White students with special needs are far more likely to graduate with a traditional diploma than are their black and brown peers.  In ways big and small, the effects of race and racism magnify the negative consequences that often come with being placed into special education.  Not only are non-white students more likely to be assigned to lower resourced schools that struggle to provide them with the services they are entitled to, but navigating the special education system often presents unique challenges for parents of color, experts say.

A Hechinger Report analysis of federal data exposes the stark racial gap between different groups of special education students.  Nationally, 76% of white students in special education who exited high school in 2014-15 earned a traditional diploma.  That falls to 65% for Hispanic students and 62% for black students with special needs.  But those racial gaps are much wider in some states.

In Wisconsin, 84% of white students in special education who exited high school in 2014-15 earned a traditional diploma, while just 53% of black students and 71% Latino students with disabilities did so.  In Nevada, which has some of the very worst outcomes in the country for students with disabilities, just 17% of black students and 27% of Latino students exited with a regular diploma.  Nearly 40% of Nevada's white students with special needs received a diploma.

In essence, a special education placement exacerbates racial inequalities seen throughout the education system.  Experts say black and Latino parents often feel ignored and belittled at meetings with school officials, and their special needs children are more likely to attend schools in high-poverty districts that lack the resources to provide them with the services they need to catch up.

Paul Morgan, an education professor at Pennsylvania State University, said that the economic disadvantage often faced by black and Latino special needs children has been exacerbated by the way Congress funds special education.  The federal government has failed to pay 40% of the "excess cost" of educating children with disabilities, a responsibility outlined in the Individuals with Disabilities Education Act (IDEA).  The burden of making up for those unfunded expenses falls on schools, and particularly hard on the poorer school districts that disproportionately serve black and brown students.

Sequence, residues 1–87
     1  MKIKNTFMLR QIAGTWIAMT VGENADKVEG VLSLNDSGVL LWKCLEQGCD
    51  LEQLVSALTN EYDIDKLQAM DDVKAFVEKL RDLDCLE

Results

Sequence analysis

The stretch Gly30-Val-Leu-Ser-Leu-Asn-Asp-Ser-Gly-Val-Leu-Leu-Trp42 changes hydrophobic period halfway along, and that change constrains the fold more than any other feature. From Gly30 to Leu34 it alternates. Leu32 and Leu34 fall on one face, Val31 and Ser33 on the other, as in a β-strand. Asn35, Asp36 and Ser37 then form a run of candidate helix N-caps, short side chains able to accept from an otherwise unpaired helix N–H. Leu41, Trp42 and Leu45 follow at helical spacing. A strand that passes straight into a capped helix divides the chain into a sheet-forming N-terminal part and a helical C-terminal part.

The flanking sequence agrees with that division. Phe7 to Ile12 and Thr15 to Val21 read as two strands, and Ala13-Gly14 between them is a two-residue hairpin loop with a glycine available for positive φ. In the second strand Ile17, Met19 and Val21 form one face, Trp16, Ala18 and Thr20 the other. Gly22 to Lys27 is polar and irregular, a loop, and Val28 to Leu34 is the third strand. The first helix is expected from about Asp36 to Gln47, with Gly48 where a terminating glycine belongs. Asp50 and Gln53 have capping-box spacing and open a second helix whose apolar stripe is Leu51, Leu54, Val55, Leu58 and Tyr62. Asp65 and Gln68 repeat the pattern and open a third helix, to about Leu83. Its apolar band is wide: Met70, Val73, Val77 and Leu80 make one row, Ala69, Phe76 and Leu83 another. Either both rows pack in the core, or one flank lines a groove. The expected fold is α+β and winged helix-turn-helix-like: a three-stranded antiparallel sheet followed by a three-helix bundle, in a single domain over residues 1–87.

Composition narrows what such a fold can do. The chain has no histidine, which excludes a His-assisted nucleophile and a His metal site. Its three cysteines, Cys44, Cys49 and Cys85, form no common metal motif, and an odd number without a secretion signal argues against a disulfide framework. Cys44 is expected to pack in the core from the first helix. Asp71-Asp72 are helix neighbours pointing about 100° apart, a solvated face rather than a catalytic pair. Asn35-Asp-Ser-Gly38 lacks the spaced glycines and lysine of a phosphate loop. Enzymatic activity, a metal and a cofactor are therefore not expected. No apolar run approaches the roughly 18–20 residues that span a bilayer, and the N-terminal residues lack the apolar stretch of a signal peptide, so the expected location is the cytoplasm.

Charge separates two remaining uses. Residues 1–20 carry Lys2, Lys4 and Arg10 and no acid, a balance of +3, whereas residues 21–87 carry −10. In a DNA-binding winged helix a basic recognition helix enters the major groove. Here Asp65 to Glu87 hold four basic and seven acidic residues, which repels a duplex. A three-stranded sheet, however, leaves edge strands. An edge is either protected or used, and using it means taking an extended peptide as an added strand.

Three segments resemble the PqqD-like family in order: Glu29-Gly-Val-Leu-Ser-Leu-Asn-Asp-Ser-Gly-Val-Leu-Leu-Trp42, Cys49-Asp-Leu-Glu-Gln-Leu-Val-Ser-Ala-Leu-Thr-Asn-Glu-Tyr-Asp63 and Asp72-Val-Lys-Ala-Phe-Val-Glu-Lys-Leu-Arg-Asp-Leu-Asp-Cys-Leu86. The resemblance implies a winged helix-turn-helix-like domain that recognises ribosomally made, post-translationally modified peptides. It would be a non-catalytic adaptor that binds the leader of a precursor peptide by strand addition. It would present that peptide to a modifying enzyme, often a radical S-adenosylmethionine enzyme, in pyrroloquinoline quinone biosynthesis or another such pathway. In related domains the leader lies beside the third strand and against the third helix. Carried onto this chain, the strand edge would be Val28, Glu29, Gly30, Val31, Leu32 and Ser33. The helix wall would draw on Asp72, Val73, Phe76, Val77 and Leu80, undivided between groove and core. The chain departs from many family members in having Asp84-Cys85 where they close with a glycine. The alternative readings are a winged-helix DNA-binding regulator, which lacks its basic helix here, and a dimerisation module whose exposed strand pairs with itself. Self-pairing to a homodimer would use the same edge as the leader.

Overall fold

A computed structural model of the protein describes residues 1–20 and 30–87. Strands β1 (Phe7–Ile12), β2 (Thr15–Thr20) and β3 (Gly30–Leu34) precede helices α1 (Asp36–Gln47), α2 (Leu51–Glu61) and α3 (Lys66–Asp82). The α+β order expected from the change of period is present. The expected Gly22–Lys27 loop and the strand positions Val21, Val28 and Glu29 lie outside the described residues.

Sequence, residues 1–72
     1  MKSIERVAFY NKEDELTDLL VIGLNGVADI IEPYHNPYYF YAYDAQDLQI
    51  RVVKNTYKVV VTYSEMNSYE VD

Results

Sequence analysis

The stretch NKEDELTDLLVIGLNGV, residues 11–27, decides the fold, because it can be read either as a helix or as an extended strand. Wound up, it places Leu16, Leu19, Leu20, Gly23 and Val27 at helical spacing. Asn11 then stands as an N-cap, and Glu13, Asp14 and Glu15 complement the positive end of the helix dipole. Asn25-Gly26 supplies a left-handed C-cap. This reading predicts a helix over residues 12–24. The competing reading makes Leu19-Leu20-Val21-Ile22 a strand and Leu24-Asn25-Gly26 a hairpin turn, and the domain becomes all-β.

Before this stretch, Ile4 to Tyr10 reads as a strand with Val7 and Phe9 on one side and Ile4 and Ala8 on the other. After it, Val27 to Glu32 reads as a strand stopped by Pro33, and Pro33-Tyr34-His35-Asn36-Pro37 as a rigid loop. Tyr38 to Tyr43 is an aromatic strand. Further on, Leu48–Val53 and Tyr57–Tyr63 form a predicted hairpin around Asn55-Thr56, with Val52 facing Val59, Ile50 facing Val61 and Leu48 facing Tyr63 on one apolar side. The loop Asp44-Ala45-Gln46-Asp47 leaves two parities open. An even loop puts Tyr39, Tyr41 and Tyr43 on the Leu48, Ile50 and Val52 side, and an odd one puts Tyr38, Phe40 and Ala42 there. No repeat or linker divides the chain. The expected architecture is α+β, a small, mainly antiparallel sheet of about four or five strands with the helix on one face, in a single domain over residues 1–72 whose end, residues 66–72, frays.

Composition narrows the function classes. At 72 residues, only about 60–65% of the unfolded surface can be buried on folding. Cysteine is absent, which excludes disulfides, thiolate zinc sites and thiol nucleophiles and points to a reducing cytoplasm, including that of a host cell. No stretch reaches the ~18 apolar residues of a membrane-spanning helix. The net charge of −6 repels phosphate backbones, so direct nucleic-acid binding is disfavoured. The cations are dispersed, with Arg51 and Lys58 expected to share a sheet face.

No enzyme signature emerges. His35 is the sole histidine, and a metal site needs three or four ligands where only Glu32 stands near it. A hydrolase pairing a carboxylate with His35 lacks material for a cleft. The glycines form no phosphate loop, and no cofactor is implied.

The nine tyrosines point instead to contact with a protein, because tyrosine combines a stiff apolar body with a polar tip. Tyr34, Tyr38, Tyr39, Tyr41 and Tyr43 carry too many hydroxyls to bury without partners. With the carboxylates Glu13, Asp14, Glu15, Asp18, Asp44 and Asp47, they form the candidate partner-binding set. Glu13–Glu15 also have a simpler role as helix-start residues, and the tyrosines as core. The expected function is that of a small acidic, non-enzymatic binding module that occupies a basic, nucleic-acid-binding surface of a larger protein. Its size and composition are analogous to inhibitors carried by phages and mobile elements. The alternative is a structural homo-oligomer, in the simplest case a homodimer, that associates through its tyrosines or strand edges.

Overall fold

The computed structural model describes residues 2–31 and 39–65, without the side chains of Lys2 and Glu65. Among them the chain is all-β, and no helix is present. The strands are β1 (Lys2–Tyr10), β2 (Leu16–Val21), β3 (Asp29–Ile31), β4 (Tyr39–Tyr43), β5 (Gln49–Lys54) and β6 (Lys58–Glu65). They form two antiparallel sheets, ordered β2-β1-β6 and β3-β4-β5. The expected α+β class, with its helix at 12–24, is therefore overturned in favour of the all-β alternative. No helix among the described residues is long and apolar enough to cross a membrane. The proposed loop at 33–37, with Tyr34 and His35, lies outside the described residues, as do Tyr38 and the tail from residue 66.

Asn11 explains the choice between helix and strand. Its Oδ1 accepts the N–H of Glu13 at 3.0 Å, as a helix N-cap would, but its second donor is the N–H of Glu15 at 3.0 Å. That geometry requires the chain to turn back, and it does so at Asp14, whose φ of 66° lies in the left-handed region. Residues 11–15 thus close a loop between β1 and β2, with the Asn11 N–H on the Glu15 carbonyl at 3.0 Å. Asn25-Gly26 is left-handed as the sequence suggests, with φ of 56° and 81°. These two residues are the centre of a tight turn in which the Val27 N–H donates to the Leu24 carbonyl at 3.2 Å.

But the problem runs much deeper than differences between school districts.  In Washington, D.C., where there is just one school district, 77% of white students with special needs who exited during the 2014-15 school year left with a diploma, while just 57% of their black and Latino peers did.

In addition to being more likely to live in neighborhoods with better resourced schools, white and affluent parents are also often better positioned to take advantage of federal disability law to get what they need for their children, said Morgan.  "These services are often difficult to secure, they're expensive and schools don't necessarily want to provide them," he said.  "So it's parents who are better resourced, in terms of information and social networks and time, that are able to persist and go through the legal wrangling sometimes necessary to get what they need."

Morgan's research demonstrates that even when children in the same schools display the same needs, white English-speaking children are more likely to receive the services that they need to excel.